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Why Omar should focus on progress, not Congress

Tuesday June 14, 2011 10:54:17 AM, Sheikh Qayoom, IANS

Srinagar: Jammu and Kashmir Chief Minister Omar Abdullah has emphasized that he will not have to give up his chair in favour of the coalition partner, the Congress. While many agree he need not worry on that count, they say focussing on how to deliver on his promises to the people might be a better idea.

Having assumed the reins of power after the Congress and the National Conference worked out an alliance in the wake of the 2008 assembly elections, Omar has received unflinching support from the Congress national leadership and expects to last the full six-year term.

"There are some leaders in the local Congress who from time to time raise their voice for rotation of the top job in favour of their party, but this clearly does not have the blessings of the Congress high command," said a National Conference minister who obviously did not want to be named.

"The chief minister has more acceptability at the national level than any other local mainstream leader. His secular credentials, forward looking image and innate aversion to lobbyism and vested interests are well-known."

At present, the National Conference has 28 legislators in the 87-member assembly, while the Congress has 16 and the main opposition Peoples Democratic Party (PDP) 21 seats.

Relations between former ruling allies PDP and Congress had soured to a breaking point during the Amarnath land row agitation in 2008, when there were widespread protests against the government decision to divert 100 acres of land to the Shri Amarnath Shrine Board for providing facilities to the pilgrims.

The straining of relations forced the then chief minister, Ghulam Nabi Azad of the Congress, to recommend dissolution of the legislative assembly, bringing a short spell of governor's rule in July 2008.

"It was the bitter experience of the Congress with the PDP that finally brought about the National Conference-Congress alliance after the 2008 elections," a senior PDP leader said here.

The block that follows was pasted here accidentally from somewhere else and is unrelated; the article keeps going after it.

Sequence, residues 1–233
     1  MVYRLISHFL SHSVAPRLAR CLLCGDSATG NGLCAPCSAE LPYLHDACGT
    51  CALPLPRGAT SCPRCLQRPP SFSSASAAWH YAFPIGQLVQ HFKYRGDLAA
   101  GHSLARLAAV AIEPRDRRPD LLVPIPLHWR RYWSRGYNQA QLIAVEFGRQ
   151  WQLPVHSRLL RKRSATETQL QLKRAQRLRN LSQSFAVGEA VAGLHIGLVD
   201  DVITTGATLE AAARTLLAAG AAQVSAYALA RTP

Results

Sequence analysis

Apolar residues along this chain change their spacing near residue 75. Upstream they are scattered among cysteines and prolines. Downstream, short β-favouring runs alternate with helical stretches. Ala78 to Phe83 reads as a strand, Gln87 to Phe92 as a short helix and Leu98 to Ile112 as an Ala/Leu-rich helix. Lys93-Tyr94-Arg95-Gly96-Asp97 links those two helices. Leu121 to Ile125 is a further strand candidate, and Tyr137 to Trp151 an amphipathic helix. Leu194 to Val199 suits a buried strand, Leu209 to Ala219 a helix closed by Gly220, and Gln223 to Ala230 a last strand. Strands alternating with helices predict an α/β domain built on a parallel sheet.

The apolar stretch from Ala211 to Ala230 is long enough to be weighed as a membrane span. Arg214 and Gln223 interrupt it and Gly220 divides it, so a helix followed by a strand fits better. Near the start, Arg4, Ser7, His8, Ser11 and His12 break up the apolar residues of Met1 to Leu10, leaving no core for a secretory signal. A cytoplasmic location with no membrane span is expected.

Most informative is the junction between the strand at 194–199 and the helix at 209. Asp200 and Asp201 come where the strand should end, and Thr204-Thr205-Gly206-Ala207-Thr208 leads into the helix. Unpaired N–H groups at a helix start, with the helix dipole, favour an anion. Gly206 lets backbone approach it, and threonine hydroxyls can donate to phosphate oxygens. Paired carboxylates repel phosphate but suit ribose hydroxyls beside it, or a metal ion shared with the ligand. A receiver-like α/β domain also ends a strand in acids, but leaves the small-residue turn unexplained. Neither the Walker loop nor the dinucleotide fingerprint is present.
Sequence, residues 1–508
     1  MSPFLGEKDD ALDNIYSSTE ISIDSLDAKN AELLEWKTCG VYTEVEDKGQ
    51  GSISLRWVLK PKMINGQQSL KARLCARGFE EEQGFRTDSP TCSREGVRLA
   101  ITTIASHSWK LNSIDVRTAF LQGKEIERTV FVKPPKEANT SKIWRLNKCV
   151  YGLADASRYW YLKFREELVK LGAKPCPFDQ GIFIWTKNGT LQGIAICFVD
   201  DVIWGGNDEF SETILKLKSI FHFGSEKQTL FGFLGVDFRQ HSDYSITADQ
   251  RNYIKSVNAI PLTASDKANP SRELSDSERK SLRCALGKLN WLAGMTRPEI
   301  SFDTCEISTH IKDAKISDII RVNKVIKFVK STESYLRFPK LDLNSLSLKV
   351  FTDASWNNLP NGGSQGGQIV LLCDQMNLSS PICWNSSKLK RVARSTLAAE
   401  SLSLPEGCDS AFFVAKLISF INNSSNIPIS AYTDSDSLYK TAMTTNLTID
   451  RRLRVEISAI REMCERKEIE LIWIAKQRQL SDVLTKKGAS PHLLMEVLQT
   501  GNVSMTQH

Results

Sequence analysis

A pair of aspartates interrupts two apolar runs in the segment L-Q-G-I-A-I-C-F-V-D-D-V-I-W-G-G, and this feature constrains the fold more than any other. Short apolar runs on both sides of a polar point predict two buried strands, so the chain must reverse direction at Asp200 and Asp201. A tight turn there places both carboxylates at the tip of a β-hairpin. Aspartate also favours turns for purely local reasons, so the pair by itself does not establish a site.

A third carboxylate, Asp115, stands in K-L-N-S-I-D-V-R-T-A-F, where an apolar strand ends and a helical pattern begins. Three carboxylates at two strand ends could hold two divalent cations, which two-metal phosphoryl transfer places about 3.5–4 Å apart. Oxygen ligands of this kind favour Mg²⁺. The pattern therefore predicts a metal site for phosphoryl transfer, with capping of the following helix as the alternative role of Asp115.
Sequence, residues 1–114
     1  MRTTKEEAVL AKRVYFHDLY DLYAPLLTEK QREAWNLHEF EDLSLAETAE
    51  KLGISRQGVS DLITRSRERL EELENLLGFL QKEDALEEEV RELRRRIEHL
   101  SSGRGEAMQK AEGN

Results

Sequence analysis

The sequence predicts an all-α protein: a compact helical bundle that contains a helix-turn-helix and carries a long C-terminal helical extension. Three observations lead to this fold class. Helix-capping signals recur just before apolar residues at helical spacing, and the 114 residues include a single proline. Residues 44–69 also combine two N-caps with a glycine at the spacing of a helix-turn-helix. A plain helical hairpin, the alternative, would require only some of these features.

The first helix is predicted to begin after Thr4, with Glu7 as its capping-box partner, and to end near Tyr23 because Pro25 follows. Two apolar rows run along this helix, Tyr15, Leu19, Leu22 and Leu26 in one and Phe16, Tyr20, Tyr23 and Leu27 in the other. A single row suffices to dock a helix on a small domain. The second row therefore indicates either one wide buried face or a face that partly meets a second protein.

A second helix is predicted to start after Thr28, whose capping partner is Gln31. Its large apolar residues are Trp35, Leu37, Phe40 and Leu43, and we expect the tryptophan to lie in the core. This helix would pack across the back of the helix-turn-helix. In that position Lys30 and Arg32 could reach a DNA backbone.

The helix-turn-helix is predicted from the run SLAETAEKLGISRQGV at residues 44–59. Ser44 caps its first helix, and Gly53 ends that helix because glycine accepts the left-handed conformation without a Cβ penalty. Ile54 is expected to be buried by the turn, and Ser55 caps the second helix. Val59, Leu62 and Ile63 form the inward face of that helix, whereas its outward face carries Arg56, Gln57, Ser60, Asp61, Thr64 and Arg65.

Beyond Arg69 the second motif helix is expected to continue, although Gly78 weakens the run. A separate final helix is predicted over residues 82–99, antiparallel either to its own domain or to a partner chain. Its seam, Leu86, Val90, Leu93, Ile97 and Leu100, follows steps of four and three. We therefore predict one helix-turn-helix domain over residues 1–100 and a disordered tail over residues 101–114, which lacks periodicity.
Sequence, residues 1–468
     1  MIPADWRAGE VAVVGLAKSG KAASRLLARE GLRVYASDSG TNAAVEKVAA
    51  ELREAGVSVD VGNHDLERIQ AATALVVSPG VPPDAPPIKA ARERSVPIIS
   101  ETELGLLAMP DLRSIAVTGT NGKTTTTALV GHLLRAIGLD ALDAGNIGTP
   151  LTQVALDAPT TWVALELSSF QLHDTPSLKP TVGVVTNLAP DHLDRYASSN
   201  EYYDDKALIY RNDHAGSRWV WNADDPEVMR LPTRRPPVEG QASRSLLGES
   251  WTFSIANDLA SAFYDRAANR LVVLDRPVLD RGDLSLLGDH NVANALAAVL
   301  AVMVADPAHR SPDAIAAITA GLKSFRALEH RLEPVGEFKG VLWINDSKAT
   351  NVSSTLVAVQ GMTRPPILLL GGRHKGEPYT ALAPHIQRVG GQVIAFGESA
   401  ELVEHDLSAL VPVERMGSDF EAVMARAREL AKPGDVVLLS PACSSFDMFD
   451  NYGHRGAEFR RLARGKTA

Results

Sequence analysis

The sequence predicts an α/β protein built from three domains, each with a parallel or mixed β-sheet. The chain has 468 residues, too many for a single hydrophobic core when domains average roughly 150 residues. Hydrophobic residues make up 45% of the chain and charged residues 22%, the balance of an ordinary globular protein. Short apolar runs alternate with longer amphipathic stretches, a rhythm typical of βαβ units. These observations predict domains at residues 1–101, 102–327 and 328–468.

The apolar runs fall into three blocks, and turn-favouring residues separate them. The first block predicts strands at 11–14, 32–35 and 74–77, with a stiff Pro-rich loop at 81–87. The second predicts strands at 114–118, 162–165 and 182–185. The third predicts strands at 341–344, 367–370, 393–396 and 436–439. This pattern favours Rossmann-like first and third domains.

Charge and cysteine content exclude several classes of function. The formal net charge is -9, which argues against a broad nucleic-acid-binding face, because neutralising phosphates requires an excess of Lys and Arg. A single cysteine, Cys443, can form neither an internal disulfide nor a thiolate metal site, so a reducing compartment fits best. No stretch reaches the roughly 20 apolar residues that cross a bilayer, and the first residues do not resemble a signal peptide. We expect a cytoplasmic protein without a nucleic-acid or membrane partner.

"After the 2008 elections, the National Conference won 28 seats, the Congress came down to 16 from the previous 21 while the PDP improved its lot from 17 to 21 seats and still the Congress preferred the National Conference for alliance."

Many here believe the Congress and the National Conference to be logical allies, as against the predominantly rural-based PDP, which has often been accused of a tacit understanding with the local Jamaat-e-Islami party.

The Jamaat is a religious party engaged primarily with religious and modern education besides organising religious debates and discourses.

But many of its senior leaders, including Syed Ali Geelani, became champions for the secessionist cause after the outbreak of separatist violence here in the 1990s.

Geelani is now seen as the biggest ideologue of separatism in Kashmir.

"The Congress has many things to lose if they seek proximity with the PDP, at least at the perceptional level. Within itself, they do not have a local leader who can stand up as a potential chief ministerial candidate against Omar Abdullah," said a newspaper editor here.

"The bottomline is Omar will have to continue as the sheet anchor for the alliance in the future as well after Ghulam Nabi Azad indicated his unwillingness to return to state politics."

The country's youngest chief minister should lay to rest his apprehensions of a change of guard in the state and focus on governance and tackling graft, analysts say.

Most locals believe the ruling coalition has brought in little change in the rampant corruption prevalent in the administrative setup.

"You have to pay for everything, from routine state subject certificate to securing a tender in the rural development department," 69-year-old retired teacher Habibullah said.

Other challenges include employment, education, industrial development, roads and healthcare.

"Yet another problem presenting itself to Omar is the devolution of power to the village level after the panchayat elections saw a large number of people coming out to vote," a senior National Conference minister said.

(Sheikh Qayoom can be contacted at




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